Most observers believe the €2bn is the absolute minimum amount of capital AIB is going to need to weather the remainder of the banking crisis. As for Bank of Ireland, a capital requirement of €1.7bn is the bare minimum, according to most of the Dublin brokers.

The reason for the government's coyness over capital levels is said to relate to the fact that most loans have yet to be officially valued, but modelling of the broad nature of the portfolios is surely not beyond the Department of Finance and its advisors.

A darker motive for not releasing the capital figure is that a large portion of the requirement is likely to relate to Anglo Irish bank, the nationalised property lender. The government is buying €28bn of its loans, although by late last week, the write-down on these loans was not being disclosed by Lenihan or Anglo Irish Bank itself.

Anglo Irish Bank would be insolvent if the Nama loans were moved out tomorrow, but the bigger problem for Lenihan is filling the huge gaping hole caused by writing down these loans in the first place. To bring Anglo Irish bank's capital up to 5% equity would cost €3bn; to bring it to 6% would require €3.5bn.

If the minister had disclosed these horror show figures on Wednesday it would have triggered another fresh wave of indignation over Anglo and its poisoned legacy. Irish Nationwide, meanwhile, would also be insolvent if the Nama loans were transfered tomorrow and it's going to cost at least €1.5bn to fill the capital hole in its books.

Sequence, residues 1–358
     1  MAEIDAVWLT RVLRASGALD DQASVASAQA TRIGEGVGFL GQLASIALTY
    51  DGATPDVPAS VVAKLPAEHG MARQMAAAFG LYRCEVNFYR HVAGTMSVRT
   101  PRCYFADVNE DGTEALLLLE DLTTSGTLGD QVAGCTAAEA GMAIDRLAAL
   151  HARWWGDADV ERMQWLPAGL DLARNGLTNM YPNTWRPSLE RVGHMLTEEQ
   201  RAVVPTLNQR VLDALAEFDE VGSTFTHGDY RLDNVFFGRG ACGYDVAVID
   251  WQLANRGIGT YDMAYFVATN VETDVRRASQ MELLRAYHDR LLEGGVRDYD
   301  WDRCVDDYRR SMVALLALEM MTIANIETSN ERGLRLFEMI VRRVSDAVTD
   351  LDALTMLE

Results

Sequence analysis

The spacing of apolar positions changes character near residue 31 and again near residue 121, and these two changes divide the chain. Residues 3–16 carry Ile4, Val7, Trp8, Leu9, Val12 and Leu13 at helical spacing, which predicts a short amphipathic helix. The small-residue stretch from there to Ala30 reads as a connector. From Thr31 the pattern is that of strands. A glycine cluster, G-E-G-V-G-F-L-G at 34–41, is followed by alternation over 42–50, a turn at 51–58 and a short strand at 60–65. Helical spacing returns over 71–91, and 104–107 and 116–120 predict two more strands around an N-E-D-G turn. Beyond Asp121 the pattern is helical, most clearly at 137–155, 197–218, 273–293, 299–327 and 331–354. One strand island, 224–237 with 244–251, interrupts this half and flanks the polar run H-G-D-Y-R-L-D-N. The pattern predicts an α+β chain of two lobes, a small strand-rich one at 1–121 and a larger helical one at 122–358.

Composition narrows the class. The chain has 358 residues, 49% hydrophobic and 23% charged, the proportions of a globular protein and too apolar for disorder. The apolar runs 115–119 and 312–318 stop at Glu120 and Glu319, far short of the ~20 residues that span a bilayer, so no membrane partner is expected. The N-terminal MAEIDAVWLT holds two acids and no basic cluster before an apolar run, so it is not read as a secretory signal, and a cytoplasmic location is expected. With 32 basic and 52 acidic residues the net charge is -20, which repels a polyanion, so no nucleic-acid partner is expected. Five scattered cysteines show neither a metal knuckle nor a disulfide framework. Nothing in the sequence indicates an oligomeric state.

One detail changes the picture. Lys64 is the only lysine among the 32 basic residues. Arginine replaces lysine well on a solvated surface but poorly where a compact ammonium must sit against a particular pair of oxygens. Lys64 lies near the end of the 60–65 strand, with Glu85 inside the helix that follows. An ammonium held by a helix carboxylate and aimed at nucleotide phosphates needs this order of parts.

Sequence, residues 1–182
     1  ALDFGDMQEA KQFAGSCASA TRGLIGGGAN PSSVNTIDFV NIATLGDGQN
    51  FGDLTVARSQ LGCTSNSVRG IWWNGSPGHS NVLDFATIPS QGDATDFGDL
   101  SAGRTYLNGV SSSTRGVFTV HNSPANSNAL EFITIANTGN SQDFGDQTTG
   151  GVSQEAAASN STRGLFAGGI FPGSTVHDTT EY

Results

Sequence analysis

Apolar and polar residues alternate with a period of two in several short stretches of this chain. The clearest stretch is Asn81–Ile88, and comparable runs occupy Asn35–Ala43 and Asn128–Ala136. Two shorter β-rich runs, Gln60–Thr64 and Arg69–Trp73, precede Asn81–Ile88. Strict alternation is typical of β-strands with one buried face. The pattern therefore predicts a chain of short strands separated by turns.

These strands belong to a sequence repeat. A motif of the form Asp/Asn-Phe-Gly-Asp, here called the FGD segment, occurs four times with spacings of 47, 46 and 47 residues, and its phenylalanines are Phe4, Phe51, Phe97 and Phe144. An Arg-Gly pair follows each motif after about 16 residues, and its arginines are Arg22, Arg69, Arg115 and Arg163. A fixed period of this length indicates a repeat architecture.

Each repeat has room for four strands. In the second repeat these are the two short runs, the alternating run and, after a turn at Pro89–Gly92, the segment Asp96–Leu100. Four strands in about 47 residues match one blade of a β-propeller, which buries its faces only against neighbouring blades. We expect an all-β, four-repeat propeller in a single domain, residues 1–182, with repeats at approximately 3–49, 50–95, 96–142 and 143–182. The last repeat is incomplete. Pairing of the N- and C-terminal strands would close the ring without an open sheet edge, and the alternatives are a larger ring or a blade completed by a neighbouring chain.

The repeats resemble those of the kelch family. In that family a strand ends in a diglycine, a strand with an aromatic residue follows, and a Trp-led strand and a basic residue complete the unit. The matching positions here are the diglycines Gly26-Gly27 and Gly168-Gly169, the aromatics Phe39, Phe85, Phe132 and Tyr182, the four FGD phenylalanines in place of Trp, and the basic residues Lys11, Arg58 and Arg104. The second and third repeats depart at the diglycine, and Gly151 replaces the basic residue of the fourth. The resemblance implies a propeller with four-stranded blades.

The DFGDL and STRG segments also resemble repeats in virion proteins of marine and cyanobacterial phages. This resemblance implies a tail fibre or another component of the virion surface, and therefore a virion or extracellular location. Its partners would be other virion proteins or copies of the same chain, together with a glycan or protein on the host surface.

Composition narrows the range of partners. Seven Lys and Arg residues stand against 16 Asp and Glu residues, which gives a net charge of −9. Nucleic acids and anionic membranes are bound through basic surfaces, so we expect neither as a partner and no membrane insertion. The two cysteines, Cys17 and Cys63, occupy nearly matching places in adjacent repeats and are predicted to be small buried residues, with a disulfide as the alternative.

It is clear that the Department of Finance has wide ranging and detailed data on the loan books of the banks and consequently their capital deficiencies.

"There are the institutions in which we have had the opportunity over the last year to carry out the necessary due diligence, analysis and stress testing,'' Lenihan admitted last week.

Unlike authorities in the US, these stress test results have yet to be released in Ireland and probably never will. But while this is partially understandable, the decision to now allow all five institutions to "explore all available options for raising such capital'', seems a strange one when the minister himself was only saying recently to this newspaper he wasn't prepared to wait forever for private capital to come along for the banks.

The urgency of getting capital into the banks cannot be underplayed. Patrick Hologan, the new governor of the Central Bank, has written persuasively on this point (see quotation earlier).

"Times such as the present induce... managers to become more risk averse for fear that their actions will lead to bankruptcy. If capital is low, this implies a highly conservative policy for lending and other activities. This seems closer to what we are observing in the larger Irish banks today''.

The failure to move forward purposefully on capital injections was not the only missing element in the Nama proposals last week.

The banks also have not been given tangible targets for lending, with Lenihan only saying that "in terms of specific credit supply measures attaching to Nama, the government continues to examine options''.